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Old 2011-02-02, 17:31   #1
drh
 
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Default System Recommendation

I’m looking to have a system built for me, dedicated to this effort, and I’d like some input for the hardware specs.

I want to do some GPU computing, along with 1 or 2 cores doing P-1’s, and the rest doing either LL’s or LL-D’s.

I’m looking at a MB with 2 CPU sockets on it, and for my budget, I have a choice of installing (1) - Intel Xeon DP Six Core L5640 2.26Ghz 5.86GT/s 12mb 60w 1066Mhz, or (2) - Intel Xeon DP Quad Core L5520 2.26Ghz 5.86GT/s 8mb 60w 1066Mhz. Any suggestions as to which configuration will give me better performance?

I’m also looking to install about 8GB of Memory – DIMM 4096mb 1333 MHz Registered ECC DDR3 on each CPU if I go with the Quads, or DIMM 8192mb 1333 MHz Registered ECC DDR3 if I go with the Six Core … any opinions here?

Finally, which NV graphics card would you recommend for this config?

Thanks,
Doug
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Old 2011-02-03, 16:37   #2
henryzz
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Is 2 pcs not an option? That would be much cheaper as you could use desktop parts(and faster because you would get better parts).

Last fiddled with by henryzz on 2011-02-03 at 16:37
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Old 2011-02-03, 17:30   #3
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2 PC's is an option, just thought I'd get some efficiencies combining them. Have a recommendation on a CPU, Memory, and GPU?

Thanks,
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Old 2011-02-03, 19:11   #4
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GTX 480/GTX 580 with best factory OC is your choice.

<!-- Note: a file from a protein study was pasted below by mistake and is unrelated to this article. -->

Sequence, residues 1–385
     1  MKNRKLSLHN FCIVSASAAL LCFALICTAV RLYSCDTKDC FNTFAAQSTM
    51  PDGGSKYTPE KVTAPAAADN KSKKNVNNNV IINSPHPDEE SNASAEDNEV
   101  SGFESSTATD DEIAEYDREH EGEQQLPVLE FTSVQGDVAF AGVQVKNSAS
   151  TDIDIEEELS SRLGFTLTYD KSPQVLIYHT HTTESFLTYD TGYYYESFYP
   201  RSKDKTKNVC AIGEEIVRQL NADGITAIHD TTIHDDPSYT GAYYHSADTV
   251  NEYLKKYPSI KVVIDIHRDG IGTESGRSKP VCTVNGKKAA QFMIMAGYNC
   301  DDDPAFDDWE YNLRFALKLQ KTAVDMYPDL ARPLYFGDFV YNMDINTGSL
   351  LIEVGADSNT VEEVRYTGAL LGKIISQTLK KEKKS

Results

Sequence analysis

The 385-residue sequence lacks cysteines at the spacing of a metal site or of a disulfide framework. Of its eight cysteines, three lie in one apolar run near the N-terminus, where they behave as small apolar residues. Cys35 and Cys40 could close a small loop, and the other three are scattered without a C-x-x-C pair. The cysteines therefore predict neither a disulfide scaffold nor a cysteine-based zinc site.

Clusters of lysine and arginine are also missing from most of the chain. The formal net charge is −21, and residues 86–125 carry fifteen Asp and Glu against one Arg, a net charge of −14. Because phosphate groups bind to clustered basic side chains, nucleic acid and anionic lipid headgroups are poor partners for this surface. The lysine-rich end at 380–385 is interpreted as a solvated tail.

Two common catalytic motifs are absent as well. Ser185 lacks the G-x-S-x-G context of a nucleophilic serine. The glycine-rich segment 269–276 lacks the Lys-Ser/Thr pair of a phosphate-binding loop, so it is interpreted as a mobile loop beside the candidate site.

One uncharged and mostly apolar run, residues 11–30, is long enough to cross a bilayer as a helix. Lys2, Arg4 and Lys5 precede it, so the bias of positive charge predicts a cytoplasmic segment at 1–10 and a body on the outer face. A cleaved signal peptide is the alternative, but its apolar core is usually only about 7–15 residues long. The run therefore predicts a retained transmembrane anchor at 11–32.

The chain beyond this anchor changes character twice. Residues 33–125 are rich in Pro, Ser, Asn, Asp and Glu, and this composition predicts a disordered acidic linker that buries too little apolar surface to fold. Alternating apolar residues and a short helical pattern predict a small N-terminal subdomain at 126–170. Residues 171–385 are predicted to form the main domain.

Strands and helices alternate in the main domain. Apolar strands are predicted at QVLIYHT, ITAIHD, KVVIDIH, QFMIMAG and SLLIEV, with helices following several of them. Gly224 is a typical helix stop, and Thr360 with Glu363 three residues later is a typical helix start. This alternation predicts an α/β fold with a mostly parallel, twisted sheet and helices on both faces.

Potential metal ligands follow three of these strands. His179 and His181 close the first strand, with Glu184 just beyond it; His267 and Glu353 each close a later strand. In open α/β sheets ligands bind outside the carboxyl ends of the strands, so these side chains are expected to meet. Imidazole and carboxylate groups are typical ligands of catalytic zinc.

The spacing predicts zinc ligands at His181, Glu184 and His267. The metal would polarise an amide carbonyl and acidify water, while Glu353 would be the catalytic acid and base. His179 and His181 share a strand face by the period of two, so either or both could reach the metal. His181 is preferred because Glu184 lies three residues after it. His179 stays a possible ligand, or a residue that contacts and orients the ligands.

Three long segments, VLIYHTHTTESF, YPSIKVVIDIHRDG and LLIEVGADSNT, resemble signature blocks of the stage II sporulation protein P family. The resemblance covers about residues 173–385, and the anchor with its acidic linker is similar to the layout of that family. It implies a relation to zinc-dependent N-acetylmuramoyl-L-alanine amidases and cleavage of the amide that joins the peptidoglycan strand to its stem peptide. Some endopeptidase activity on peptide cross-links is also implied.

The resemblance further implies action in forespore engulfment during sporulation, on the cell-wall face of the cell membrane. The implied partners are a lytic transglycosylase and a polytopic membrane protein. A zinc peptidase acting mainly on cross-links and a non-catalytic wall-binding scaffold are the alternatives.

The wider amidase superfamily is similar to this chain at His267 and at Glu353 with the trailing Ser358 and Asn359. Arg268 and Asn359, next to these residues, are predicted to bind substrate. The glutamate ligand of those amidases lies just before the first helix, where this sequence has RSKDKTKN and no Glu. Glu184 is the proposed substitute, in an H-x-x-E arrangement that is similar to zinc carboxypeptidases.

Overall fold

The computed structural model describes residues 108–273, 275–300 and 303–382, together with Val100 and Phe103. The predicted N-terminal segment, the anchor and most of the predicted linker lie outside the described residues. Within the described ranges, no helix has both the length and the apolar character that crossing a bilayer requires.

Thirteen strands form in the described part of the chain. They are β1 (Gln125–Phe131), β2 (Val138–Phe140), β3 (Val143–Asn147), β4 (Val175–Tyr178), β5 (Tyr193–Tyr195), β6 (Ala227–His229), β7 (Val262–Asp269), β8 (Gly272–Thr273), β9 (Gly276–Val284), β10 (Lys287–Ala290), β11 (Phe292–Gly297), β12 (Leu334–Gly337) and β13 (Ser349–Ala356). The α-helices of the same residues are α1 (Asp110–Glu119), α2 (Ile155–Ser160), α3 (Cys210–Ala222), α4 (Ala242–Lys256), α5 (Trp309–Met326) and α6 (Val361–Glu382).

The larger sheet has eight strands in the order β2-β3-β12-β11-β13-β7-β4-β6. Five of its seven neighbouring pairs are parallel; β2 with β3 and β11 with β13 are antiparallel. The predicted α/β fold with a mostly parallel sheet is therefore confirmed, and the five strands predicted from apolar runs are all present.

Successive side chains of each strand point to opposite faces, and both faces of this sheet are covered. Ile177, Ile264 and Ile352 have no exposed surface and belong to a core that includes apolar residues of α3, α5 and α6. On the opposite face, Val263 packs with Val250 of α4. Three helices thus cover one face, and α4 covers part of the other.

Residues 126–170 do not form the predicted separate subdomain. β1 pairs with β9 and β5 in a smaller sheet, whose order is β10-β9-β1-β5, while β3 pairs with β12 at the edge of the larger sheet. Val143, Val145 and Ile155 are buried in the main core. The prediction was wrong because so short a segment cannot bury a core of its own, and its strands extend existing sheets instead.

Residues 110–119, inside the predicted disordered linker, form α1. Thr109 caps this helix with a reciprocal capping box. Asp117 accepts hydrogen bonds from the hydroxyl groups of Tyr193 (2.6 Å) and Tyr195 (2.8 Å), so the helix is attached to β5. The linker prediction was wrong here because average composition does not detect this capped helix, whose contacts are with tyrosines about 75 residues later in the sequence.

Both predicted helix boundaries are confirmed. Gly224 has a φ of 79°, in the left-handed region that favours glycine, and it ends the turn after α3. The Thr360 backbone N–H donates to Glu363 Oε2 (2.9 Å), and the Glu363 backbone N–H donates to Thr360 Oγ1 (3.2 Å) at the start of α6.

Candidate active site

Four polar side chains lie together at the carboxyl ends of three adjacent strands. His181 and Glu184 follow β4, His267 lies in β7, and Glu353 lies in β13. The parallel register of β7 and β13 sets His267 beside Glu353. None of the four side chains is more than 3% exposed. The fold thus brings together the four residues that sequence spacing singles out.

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Old 2011-02-03, 19:17   #5
fivemack
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For a long time it's been better to get two PCs than a single two-socket PC; basically, the period in which the two-socket machine was unacceptably slowed down by the shared memory bus ended and was immediately followed by the period in which Intel sold CPUs for two-socket PCs at an inordinate premium.

(I do have a two-socket machine, a dual quad-core Opteron, because someone this time last year was selling 4GB DDR2 modules at £40 each on ebay and two quad-core Opterons at £95 each; with that sort of discount it seemed just about worth paying the full £350 price for a motherboard that could use them and £70 for the slightly exotic power supply it needed).

So: first, wait until Intel have sorted out the glitch with Sandy Bridge chipsets. Then for CPUs use Sandy Bridge i7 2600 (2600K if you like overclocking) to get the new architecture, high speed and hyperthreading; stick two 4G modules with each CPU; I would be tempted to use the on-CPU video on one of the PCs, on an H67 board, and stick a GeForce Ti 560 in the other on a P67 board. You'll need about a 600W power supply for the P67+560, 300W will be more than enough for the H67.
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Old 2011-02-04, 00:21   #6
Prime95
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Quote: